Chibi doesn’t just grab things to make his cord longer. He can find Robo-Tots, which return from Photo Finder. These tiny guys are super cute, but they can be hard to grab, thanks to their habit of running away. Chibi can also pick up trash, which is used in his home base’s generator and converted into watts to keep Chibi’s batteries topped off. You can also find a host of real-world snacks, including Tootsie Pops, Pocky, and Mentos. Chibi can give these to special friends who are seeking specific foods, and players get what amounts to a sales pitch as a reward. It’s kind of funny and weird, and it’s interesting to learn about snacks from around the world if you’re into that sort of thing.
Players are strong armed into replaying levels thanks to one of the weirdest level-select systems I can recall. Each of the six worlds is split into six stages, which are arranged in a loop. Complete a stage, and you get to spin a spinner, which tells you how many spaces you need to move on the loop. If things go well, you spin a one and proceed to the next stage. Mess up, and you have to replay stages until the numbers align in your favor. Since the stages are designed to be played in a fairly methodical style, you can’t zip through a stage – even a familiar one – in 30 seconds. You can use in-game currency to “buy” the numbers you want on the spinner, which only reinforced my thought that it’s not a super-great idea.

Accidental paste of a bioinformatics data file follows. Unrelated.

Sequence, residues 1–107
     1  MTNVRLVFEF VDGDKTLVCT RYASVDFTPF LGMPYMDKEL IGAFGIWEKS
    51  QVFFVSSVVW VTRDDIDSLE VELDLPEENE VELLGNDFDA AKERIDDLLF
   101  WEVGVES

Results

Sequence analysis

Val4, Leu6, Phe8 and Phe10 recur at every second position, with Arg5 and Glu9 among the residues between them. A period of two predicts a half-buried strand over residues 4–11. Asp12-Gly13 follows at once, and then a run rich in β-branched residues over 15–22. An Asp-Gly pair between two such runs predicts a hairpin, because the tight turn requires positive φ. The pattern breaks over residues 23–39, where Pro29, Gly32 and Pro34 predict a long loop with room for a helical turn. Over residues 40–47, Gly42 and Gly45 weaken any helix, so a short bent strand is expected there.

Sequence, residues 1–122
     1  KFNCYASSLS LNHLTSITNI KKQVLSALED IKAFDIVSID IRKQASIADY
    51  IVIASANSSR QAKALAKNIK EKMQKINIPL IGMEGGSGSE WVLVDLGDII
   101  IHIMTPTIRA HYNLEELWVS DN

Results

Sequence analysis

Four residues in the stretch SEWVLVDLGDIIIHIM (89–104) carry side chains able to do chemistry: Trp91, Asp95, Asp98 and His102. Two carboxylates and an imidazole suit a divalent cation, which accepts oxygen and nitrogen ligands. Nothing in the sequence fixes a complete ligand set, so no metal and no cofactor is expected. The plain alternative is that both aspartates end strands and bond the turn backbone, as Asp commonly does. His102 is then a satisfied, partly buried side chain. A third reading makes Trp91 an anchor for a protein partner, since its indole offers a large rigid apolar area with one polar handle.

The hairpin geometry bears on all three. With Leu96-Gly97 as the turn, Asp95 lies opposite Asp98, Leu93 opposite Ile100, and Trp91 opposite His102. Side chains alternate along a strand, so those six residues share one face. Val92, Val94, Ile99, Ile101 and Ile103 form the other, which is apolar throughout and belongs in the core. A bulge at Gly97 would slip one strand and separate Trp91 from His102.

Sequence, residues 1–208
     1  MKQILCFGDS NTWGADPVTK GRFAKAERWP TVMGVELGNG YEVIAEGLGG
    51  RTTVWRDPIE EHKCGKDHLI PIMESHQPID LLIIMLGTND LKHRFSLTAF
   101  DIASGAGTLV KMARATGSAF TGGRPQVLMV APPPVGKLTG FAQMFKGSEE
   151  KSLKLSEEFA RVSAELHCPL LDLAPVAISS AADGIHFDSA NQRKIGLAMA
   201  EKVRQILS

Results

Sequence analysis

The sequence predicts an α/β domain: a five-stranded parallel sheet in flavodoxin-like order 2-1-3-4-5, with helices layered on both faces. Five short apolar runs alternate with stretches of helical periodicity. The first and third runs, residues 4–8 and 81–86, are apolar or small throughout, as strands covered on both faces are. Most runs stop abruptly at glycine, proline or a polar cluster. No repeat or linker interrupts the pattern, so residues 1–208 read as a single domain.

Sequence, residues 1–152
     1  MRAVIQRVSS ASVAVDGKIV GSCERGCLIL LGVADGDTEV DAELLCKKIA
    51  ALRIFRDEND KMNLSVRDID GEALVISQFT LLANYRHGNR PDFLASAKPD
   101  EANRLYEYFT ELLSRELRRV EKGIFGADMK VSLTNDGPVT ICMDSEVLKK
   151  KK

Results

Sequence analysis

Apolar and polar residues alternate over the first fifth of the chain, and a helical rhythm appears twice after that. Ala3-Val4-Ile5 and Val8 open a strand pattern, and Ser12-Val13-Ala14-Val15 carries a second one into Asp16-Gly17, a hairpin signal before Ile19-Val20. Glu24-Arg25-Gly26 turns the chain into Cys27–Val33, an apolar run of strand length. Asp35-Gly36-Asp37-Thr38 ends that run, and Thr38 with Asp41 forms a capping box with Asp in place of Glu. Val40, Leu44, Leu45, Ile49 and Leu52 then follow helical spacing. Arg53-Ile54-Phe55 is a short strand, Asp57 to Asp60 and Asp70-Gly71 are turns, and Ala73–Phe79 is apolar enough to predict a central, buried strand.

And woe to those who are forced to replay the stages that are based on Chibi’s vehicles. He has access to a variety of rides, including a little skateboard, submarine, balloon thing, waterski, and more. They’re uniformly sluggish and boring, and they drag on for far too long. The submarine is the absolute worst of the worst, which is impressive because the balloon is so dreadful. Both feature exaggerated momentum and inputs that don’t seem to register until you’re careening toward a mine or sharp-beaked bird. I wanted to pull the plug on the game during several of these frustrating sections, but I thought I’d leave that up to Mr. Robo.
There are a lot of aggravating things about the game, but it’s also a lot of fun at times. The boss fights are cleverly designed and implemented, and they make great use of the hardware’s 3D effects. Even though Chibi-Robo doesn’t gain any permanent new combat abilities during his world tour, the big battles manage to provide novel challenges.
I’ve championed the character since I was introduced to the first Chibi-Robo game on GameCube. I think his helpful nature and simple design are appealing, and it’s been disappointing to see him flounder from release to release. Zip Lash isn’t the game that’s ultimately going to convert people into being Chibi-Robo fans; it’s a competent platformer, but it sticks too close to the genre manual and is missing a much-needed spark.